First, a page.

hell, go left and take a few off the gweens

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  26. duggledog (1,439 comments) says:

    He knows all about parties. He funds them with money he made off other people’s backs. Will be aligned with the left, politically

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  27. Keeping Stock (10,181 comments) says:

    davidp said

    As I pointed out, this wasn’t a problem for Harry Duynhoven where Labour passed special legislation to overcome his citizenship issues. If you can pass a special law for Duynhoven, you can pass a special law for Dotcom.

    I don’t think so David:

    1) Dotcom is not currently an MP, or a member of any party. I doubt that any proposed change to electoral law would get off the ground.

    2) Duynhoven made an genuine mistake, which had unforeseen consequences. It should not have been resolved in the manner that it was, but his circumstances are poles apart from those of Dotcom.

    3) Can you really imagine National supporting a law change to give Dotcom air-space?

    Personally, I would welcome a Dotcom Party. It would simply dilute the protest/nutter vote of the Left, and would be unlikely to do much harm to National. Those who support Dotcom’s crusade are more naturally found in Labour, the Greens and Mana, so anything that further fragments the Left should be welcomed with open arms.

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  28. davidp (3,558 comments) says:

    Keeping Stock>It would simply dilute the protest/nutter vote of the Left, and would be unlikely to do much harm to National. Those who support Dotcom’s crusade are more naturally found in Labour, the Greens and Mana, so anything that further fragments the Left should be welcomed with open arms.

    One thing that National has going for it is it looks coherent and well managed. The Left looks like a train wreck with the parties trying to out-nutter each other to canabalise a few percent of the vote from their potential coalition partners. For instance, I don’t think many Greens are racist, but they’re currently competing with NZ First for the anti-Chinese vote and looking like a cross between hippies and the Klan.

    Throw Dotcom in to the mix and you suddenly combine parties that want to stop foreigners buying houses with a foreigner who wants to buy a big house. You combine parties who are supposedly support workers with a man who used all sorts of scams to avoid paying his German employees. You combine a party that wants to pass lobbying legislation with a man who thought secret political donations could win him an easy time in prison. And you combine parties that want to subsidise musicians and hang out with them at awards events with a man who wanted to use stolen music to make himself a fortune. About the only thing they all share is anti-Americanism, and I doubt that is enough to unify the Weird Left.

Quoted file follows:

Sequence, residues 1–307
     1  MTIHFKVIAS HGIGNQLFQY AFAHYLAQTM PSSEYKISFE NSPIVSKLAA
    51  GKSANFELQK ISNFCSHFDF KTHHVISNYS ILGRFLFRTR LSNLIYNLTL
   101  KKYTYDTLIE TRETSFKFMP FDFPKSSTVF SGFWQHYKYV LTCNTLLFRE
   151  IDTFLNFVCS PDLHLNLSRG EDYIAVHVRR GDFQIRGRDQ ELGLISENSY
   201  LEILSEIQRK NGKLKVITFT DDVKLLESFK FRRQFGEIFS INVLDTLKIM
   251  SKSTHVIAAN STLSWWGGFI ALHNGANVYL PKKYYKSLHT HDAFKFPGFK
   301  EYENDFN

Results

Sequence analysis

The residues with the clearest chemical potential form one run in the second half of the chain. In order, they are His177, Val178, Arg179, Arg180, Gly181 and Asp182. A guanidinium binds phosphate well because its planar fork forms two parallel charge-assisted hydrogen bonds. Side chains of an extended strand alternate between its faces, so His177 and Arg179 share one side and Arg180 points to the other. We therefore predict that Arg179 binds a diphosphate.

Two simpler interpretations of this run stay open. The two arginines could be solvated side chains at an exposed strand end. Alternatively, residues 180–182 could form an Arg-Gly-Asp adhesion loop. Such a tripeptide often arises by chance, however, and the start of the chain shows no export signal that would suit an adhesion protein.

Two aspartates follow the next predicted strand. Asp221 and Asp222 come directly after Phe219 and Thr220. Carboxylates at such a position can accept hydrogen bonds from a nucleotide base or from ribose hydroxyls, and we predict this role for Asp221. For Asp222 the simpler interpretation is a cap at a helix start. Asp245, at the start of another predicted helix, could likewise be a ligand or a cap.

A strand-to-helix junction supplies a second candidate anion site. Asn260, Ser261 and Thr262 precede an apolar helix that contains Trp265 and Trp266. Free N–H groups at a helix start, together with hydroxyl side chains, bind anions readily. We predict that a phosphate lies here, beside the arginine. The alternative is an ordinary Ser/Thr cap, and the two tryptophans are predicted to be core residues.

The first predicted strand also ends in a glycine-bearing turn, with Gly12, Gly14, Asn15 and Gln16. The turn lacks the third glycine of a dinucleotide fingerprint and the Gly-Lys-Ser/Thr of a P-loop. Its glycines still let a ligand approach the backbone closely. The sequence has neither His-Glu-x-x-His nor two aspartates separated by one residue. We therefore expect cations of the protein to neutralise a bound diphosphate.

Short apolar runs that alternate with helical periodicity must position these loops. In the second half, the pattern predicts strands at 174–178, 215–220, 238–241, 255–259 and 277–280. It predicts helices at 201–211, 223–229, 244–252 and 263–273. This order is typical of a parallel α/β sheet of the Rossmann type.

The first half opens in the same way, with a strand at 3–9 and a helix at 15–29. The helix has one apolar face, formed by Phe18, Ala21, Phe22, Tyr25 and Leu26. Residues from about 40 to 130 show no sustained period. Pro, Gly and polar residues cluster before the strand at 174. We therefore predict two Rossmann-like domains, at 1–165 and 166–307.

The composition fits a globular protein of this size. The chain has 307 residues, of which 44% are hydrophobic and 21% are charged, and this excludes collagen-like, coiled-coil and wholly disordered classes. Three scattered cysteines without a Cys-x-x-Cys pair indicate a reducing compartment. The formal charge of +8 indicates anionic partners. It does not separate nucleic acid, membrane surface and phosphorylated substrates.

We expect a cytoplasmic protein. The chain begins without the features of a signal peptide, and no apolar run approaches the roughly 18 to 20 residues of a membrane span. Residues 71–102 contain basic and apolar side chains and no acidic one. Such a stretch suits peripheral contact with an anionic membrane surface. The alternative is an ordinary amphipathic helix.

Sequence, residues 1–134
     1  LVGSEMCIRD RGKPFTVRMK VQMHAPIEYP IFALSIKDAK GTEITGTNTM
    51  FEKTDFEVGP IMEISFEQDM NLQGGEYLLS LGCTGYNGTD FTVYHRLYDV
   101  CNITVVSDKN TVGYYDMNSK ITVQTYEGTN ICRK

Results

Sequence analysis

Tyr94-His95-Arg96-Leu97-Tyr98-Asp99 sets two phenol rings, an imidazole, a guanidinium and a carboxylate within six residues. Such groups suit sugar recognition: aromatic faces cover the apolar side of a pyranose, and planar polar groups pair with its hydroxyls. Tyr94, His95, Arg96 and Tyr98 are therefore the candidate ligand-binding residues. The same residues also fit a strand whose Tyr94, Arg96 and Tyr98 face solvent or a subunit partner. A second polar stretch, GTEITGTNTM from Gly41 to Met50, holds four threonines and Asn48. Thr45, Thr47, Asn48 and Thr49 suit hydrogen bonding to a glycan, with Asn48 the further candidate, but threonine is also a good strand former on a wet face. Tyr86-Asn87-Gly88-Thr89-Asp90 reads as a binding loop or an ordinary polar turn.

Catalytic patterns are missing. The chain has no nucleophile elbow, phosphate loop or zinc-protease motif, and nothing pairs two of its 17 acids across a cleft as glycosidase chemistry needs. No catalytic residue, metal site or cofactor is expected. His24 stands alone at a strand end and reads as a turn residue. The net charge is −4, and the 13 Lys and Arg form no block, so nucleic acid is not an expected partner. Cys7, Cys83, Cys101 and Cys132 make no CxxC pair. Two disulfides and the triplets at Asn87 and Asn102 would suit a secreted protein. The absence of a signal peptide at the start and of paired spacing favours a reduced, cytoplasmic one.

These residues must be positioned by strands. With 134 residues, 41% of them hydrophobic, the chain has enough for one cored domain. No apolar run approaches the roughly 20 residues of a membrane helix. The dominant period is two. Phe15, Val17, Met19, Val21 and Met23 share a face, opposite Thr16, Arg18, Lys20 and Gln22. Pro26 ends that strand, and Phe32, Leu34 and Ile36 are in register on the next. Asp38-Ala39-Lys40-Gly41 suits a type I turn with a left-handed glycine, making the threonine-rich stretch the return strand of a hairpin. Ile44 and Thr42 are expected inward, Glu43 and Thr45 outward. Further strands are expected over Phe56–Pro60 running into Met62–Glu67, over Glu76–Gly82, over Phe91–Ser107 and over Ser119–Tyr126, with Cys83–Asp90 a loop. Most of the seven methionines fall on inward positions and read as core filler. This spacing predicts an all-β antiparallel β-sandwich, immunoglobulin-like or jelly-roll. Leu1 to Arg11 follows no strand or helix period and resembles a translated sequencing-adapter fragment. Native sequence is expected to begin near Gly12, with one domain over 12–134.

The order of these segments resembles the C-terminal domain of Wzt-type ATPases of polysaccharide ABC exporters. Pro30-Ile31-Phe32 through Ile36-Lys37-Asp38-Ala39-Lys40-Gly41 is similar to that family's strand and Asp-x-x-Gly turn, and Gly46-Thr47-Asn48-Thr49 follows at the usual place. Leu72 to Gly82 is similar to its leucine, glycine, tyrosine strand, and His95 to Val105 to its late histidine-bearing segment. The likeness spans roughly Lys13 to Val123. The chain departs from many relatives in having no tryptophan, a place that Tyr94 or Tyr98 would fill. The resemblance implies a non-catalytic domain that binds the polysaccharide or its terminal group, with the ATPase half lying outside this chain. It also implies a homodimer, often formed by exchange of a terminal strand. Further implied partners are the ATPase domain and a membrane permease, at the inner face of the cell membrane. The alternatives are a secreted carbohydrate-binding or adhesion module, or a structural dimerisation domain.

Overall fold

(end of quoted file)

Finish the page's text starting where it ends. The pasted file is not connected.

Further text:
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  29. Redbaiter (8,032 comments) says:

    Dotcom is not necessarily any kind of leftist. In fact, given that the over the top raid on his home and the illegal spying were the kind of acts that are historically typical of the left (bluecaps, brownshirts etc) I would be surprised if that is his position.

    He wants to stay in the country and Jiohn Key wants to throw him out. Dotcom needs political support in his ambition to stay here and where else is he going to get it but from the hard left. Given that John Key and Labour lite have assumed the position of the natural left.

    So I do not hold his political allegiances against him. He has been unfairly treated by bureaucrats and he has been betrayed by shifty John Banks. He has a case against the government that has some credibility. The government’s case is undermined by John Key’s seeking of Hollywood patronage.

    I am not going to join in the hate campaign against Kim Dotcom. I think he has some valid issues and has been treated poorly.

    His strategy is to bring some political pressure on National. If I was him I would seek some kind of allegiance and support from a party that already exists and has a chance to leverage some concessions from National. I think National are (sadly) anxious to maintain an allegiance with Maori and have been selling the rest of NZ down the tube to do this. Therefore a good option for Dotcom may be to check out 1LAW4All.

    They need money. They need publicity. They have the capacity to attract a lot of votes if they can get out there. They could end up having a serious effect on National’s relationship with the Maori Party and thereby National’s hold on power. Maybe Dotcom could check out 1LAW4ALL and see what opportunities exist there. Some of them are Libertarians. They should therefore support Dotcom.

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  30. Nostalgia-NZ (5,045 comments) says:

    One interesting point to me is that it seems that most of the people who were predicting Dotcom’s departure early this year are still underestimating him.